Journal Article

Delineating stocks of Atlantic cod (<i>Gadus morhua</i>) in the Gulf of St Lawrence and Cabot Strait areas using vertebral number

D. P. Swain, K. T. Frank and G. Maillet

in ICES Journal of Marine Science

Published on behalf of ICES/CIEM

Volume 58, issue 1, pages 253-269
Published in print January 2001 | ISSN: 1054-3139
Published online January 2001 | e-ISSN: 1095-9289 | DOI: http://dx.doi.org/10.1006/jmsc.2000.1007
Delineating stocks of Atlantic cod (Gadus morhua) in the Gulf of St Lawrence and Cabot Strait areas using vertebral number

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Cod (Gadus morhua) from several populations overwinter in the Cabot Strait area at the entrance to the Gulf of St Lawrence. We examined the utility of vertebral number for estimating the stock composition of cod aggregations in this overwintering area. Stock-specific mean vertebral numbers were estimated using samples obtained in the 1994–1997 spring (spawning) and summer (feeding) seasons when the populations were geographically separated. Mean vertebral number was significantly lower in the southern Gulf population than in each other population (northern Gulf, southern Newfoundland, Sydney Bight, eastern Scotian Shelf), but did not differ significantly among the other populations. Stock-specific vertebral counts were stable over the study period and, for three of the five stocks (including the large migratory Gulf of St Lawrence stocks), over several year classes. Stock composition of the overwintering aggregations was estimated using samples obtained from synoptic bottom-trawl surveys of the Cabot Strait area in January of 1996 and 1997. In both years, mean vertebral number was significantly lower along the south flank of the Laurentian Channel in NAFO (Northwest Atlantic Fisheries Organization) Divisions 4T and 4Vn than in areas on the north side of the Channel, suggesting that the south side of the Channel was dominated by southern Gulf cod. Maximum likelihood estimates of stock composition based on vertebral number indicated that cod in overwintering aggregations in the 4T–4Vn area were almost entirely (98%) from the southern Gulf stock while southern Gulf cod were almost entirely absent (<0.1%) from the aggregations on the north side of the Laurentian Channel. Bootstrapping indicated that the precision of these estimates was high. Simulations indicated that their bias was negligible. These results suggest that there is virtually no stock mixing across the Laurentian Channel during the overwintering period despite the aggregation of cod from several populations in this small area each year. We conclude that vertebral number provides a useful complement to other types of characters (microsatellite DNA markers, chemical composition of otoliths) that have been used to delineate these cod stocks.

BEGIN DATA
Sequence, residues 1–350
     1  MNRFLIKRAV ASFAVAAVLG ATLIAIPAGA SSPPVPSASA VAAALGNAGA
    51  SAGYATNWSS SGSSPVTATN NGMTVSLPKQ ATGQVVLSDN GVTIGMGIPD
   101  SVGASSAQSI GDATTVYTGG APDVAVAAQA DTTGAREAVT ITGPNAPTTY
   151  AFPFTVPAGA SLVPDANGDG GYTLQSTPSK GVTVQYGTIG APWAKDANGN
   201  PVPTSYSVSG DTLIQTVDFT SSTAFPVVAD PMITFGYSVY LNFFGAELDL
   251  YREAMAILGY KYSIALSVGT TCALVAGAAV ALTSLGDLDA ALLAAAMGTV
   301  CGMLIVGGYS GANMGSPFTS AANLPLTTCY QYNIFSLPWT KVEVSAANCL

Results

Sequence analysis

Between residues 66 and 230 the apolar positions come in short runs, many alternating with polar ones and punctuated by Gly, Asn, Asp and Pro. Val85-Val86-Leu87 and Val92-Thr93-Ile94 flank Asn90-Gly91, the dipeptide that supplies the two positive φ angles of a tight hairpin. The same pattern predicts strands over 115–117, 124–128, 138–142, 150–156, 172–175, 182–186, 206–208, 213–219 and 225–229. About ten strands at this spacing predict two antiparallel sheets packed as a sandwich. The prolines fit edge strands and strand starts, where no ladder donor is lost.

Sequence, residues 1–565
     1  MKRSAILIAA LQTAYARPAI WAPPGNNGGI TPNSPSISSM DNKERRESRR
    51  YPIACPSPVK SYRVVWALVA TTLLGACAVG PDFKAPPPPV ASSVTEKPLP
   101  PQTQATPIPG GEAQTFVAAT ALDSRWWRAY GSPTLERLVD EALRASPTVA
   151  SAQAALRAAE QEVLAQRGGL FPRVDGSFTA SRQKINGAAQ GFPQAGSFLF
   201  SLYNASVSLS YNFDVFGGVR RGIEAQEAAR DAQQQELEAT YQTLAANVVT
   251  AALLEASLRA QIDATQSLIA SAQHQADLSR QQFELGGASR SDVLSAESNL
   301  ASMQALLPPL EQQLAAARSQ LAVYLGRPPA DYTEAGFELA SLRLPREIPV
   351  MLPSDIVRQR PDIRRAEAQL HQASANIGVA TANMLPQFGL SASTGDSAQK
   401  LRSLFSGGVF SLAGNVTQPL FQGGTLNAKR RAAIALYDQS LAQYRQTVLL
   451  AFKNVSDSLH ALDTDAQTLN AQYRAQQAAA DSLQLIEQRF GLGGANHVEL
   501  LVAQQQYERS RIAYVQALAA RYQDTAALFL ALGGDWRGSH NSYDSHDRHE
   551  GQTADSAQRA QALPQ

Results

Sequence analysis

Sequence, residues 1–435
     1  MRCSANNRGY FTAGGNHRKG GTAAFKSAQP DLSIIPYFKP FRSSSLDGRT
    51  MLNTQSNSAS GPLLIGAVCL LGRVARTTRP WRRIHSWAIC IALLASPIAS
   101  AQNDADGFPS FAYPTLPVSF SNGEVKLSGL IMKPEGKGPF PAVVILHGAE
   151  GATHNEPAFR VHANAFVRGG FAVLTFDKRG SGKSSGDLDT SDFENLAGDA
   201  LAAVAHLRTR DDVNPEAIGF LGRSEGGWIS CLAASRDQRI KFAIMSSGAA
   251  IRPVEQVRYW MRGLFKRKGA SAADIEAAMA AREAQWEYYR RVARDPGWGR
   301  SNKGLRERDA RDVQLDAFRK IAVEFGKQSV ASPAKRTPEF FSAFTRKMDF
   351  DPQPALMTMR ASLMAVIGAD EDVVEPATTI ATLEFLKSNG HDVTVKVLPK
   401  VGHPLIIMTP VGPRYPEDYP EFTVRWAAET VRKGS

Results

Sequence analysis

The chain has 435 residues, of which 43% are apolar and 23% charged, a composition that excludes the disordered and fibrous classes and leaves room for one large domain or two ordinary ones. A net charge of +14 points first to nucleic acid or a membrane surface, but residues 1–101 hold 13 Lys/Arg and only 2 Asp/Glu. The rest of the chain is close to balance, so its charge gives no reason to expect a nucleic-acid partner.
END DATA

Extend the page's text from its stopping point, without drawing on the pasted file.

Keywords: vertebral number; meristic; stock identification; stock mixture; Atlantic cod

Journal Article.  0 words. 

Subjects: Environmental Science ; Marine and Estuarine Biology

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